One of the high lights of our visit was to attend the Christmas Eve concert at the beautiful Loretto Chapel near the main plaza in Santa Fe. I had purchased the tickets to hear the Santa Fe Pro Musica Baroque Ensemble long before we left on our trip.

On Christmas Eve we awoke to a snowstorm! By the end of the day, we had over two feet of snow on the ground. There was no way our dirt road was going to get plowed in time to go to the concert. Instead, we were invited by friendly neighbors to join them around their traditional outdoor Christmas Eve bonfire to drink mulled wine. Needless to say, a heart warming experience.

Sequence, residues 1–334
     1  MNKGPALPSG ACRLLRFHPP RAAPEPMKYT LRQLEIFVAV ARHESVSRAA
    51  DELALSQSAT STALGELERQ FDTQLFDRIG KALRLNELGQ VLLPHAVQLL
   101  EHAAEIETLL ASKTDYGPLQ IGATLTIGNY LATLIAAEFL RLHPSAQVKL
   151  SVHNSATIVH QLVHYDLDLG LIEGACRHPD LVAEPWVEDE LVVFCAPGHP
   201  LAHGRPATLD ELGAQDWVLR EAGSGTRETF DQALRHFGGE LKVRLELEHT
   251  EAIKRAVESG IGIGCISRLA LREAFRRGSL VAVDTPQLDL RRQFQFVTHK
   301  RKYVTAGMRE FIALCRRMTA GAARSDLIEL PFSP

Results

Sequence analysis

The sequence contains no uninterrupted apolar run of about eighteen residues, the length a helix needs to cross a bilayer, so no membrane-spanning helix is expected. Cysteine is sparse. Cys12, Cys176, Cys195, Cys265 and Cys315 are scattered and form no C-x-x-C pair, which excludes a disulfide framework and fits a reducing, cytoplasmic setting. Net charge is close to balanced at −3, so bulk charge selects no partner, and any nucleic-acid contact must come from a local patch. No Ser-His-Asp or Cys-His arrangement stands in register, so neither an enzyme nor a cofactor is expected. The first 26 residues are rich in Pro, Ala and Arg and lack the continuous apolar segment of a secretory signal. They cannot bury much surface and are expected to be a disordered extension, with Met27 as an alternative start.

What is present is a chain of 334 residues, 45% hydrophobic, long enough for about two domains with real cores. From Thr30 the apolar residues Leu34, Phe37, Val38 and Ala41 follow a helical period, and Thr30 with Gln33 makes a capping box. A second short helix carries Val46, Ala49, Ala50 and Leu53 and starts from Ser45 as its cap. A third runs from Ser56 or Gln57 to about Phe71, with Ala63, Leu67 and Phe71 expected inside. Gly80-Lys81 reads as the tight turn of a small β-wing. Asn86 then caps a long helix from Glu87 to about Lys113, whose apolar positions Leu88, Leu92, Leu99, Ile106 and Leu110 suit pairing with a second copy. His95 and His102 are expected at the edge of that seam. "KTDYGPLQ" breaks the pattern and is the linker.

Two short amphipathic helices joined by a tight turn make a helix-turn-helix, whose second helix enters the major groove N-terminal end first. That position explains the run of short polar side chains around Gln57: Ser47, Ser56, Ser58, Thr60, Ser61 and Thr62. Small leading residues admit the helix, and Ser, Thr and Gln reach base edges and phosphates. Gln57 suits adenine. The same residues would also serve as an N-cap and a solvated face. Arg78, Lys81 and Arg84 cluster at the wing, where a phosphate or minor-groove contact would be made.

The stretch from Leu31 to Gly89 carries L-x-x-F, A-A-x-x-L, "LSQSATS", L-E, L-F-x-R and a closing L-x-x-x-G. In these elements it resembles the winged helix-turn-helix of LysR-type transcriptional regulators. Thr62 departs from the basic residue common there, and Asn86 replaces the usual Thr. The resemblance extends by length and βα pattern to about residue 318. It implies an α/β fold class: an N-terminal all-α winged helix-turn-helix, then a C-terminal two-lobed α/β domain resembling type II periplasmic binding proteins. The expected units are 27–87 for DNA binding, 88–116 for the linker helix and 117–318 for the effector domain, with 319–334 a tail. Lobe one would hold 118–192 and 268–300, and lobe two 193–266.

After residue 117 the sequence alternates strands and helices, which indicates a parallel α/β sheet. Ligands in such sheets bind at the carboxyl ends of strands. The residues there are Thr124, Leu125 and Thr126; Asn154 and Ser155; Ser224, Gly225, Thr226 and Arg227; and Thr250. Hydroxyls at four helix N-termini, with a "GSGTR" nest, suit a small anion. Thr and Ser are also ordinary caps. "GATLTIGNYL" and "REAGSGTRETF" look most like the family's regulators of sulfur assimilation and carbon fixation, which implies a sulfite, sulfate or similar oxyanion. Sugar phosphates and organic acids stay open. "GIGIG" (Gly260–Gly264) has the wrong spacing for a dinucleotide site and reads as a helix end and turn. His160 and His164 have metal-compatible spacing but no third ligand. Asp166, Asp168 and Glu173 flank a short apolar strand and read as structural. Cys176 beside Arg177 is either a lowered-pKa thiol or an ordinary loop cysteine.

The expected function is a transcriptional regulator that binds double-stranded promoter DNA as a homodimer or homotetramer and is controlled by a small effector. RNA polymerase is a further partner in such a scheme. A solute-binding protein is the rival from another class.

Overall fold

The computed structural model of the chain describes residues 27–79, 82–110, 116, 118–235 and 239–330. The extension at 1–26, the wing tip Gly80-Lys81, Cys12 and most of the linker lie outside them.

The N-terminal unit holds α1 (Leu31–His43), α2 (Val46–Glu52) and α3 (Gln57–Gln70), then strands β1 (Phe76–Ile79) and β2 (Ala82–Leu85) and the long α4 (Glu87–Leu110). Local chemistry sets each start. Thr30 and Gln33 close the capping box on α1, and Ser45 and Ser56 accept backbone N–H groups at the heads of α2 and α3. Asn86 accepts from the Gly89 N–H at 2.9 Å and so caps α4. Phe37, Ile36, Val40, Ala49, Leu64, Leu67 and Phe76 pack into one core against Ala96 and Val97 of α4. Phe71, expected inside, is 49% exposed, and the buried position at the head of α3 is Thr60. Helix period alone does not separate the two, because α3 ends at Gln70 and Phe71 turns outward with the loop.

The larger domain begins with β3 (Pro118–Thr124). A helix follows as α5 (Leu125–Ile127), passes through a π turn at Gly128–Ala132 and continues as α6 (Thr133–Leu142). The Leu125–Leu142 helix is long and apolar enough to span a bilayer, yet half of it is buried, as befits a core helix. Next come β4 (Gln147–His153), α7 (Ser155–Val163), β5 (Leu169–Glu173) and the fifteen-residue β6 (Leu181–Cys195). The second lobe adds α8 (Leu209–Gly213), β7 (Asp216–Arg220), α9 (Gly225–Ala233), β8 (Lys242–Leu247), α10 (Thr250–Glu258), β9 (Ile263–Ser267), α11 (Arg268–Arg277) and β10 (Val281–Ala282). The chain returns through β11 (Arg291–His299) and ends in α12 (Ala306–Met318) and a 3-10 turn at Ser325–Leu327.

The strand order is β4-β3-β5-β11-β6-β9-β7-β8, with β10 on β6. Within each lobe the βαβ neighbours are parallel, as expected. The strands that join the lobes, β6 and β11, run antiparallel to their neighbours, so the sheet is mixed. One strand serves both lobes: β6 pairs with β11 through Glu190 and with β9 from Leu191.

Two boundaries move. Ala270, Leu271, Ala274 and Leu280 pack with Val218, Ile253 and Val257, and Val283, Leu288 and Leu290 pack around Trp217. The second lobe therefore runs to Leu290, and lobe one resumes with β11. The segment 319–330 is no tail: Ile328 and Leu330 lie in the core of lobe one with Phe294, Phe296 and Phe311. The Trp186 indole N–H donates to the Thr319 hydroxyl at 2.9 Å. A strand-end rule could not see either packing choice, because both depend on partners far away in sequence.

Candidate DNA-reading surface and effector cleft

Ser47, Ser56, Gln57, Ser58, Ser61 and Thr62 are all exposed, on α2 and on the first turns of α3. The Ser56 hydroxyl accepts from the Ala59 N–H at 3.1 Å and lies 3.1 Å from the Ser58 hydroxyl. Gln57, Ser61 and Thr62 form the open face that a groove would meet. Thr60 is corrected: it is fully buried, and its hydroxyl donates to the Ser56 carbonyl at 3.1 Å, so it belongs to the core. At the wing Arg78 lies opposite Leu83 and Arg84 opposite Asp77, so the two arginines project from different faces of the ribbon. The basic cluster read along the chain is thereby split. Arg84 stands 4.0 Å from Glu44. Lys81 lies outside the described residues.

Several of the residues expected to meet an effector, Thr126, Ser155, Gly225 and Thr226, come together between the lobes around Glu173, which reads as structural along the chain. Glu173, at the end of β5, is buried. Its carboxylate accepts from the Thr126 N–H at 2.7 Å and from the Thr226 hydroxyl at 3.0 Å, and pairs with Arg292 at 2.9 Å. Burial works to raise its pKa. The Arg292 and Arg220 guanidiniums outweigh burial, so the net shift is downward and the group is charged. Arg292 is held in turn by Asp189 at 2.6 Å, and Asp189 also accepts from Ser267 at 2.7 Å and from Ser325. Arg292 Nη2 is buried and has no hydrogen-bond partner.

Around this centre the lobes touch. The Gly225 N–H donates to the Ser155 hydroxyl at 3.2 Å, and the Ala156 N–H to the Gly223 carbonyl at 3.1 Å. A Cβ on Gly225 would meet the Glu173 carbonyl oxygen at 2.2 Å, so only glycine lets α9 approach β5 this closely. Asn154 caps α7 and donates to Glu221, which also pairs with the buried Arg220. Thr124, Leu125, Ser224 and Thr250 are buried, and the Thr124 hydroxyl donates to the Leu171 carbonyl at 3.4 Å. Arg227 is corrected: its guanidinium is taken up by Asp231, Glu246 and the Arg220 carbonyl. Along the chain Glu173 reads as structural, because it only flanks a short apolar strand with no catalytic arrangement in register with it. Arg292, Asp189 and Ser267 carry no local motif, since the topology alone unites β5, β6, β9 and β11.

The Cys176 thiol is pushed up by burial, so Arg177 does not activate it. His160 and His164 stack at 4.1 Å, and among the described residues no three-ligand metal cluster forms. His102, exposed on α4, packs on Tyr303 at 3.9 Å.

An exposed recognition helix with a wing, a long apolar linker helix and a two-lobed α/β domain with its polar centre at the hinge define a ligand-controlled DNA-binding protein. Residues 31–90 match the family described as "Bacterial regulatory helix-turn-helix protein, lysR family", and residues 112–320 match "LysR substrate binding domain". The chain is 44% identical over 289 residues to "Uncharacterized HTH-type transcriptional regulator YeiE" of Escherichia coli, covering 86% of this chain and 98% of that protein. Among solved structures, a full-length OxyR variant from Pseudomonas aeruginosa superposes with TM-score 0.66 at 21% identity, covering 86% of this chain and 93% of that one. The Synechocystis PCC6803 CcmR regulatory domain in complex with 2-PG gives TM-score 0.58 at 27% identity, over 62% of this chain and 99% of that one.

Last evening, Eric and I attended the Santa Fe Pro Musica "A Baroque Christmas" concert at the Loretto Chapel with the radiant Deborah Domanski, mezzo-soprano, singing Vivaldi and also traditional Carols. We both remarked later that it was a celestial experience.

After the concert, we walked to the Plaza to see the Holiday light display and then on to the historic La Fonda Hotel for dinner. A perfect end to a perfect evening.
Loretto Chapel

The Magic Chapel Stair Case

Lights on the Plaza

Window display at the La Fonda Hotel

Saturday, May 17, 2014

The God Machine

Eric and I decided to see the art work at  the Armory show at the Center for Contemporary Arts in Santa Fe. After parking the car at the site, we noticed a large metal sculpture adjacent to the parking lot. This would become one of the most fun, enjoyable experiences we have had in Santa Fe so far.

 A smiling, jovial, white haired man was standing next to the sculpture. He reminded me of "Oz" in the "Wizard of Oz".  He introduced himself as John Massee and was eager to show us his work of art, the Deus Machina or the god machine.